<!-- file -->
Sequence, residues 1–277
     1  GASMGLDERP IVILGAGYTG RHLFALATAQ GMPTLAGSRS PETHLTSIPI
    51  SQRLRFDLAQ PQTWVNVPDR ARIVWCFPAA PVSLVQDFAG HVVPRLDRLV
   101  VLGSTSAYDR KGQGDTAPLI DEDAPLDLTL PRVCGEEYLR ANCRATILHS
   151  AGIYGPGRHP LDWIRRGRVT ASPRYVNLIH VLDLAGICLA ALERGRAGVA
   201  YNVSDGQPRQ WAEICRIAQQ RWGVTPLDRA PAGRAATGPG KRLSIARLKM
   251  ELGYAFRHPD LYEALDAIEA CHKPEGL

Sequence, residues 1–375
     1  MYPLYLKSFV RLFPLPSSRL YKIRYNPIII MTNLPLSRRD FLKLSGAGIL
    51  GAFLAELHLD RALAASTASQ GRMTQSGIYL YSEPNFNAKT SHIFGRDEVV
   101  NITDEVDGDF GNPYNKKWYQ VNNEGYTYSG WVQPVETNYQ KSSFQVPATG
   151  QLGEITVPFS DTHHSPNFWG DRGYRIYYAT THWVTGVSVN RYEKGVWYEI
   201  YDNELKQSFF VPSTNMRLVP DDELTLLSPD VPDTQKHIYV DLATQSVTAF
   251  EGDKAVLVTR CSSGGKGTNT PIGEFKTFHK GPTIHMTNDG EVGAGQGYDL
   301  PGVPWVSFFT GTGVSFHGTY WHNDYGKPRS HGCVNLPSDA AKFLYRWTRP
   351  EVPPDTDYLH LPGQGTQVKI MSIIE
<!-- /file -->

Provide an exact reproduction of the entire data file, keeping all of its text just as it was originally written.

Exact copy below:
Sequence, residues 1–277
     1  GASMGLDERP IVILGAGYTG RHLFALATAQ GMPTLAGSRS PETHLTSIPI
    51  SQRLRFDLAQ PQTWVNVPDR ARIVWCFPAA PVSLVQDFAG HVVPRLDRLV
   101  VLGSTSAYDR KGQGDTAPLI DEDAPLDLTL PRVCGEEYLR ANCRATILHS
   151  AGIYGPGRHP LDWIRRGRVT ASPRYVNLIH VLDLAGICLA ALERGRAGVA
   201  YNVSDGQPRQ WAEICRIAQQ RWGVTPLDRA PAGRAATGPG KRLSIARLKM
   251  ELGYAFRHPD LYEALDAIEA CHKPEGL

Sequence, residues 1–375
     1  MYPLYLKSFV RLFPLPSSRL YKIRYNPIII MTNLPLSRRD FLKLSGAGIL
    51  GAFLAELHLD RALAASTASQ GRMTQSGIYL YSEPNFNAKT SHIFGRDEVV
   101  NITDEVDGDF GNPYNKKWYQ VNNEGYTYSG WVQPVETNYQ KSSFQVPATG
   151  QLGEITVPFS DTHHSPNFWG DRGYRIYYAT THWVTGVSVN RYEKGVWYEI
   201  YDNELKQSFF VPSTNMRLVP DDELTLLSPD VPDTQKHIYV DLATQSVTAF
   251  EGDKAVLVTR CSSGGKGTNT PIGEFKTFHK GPTIHMTNDG EVGAGQGYDL
   301  PGVPWVSFFT GTGVSFHGTY WHNDYGKPRS HGCVNLPSDA AKFLYRWTRP
   351  EVPPDTDYLH LPGQGTQVKI MSIIE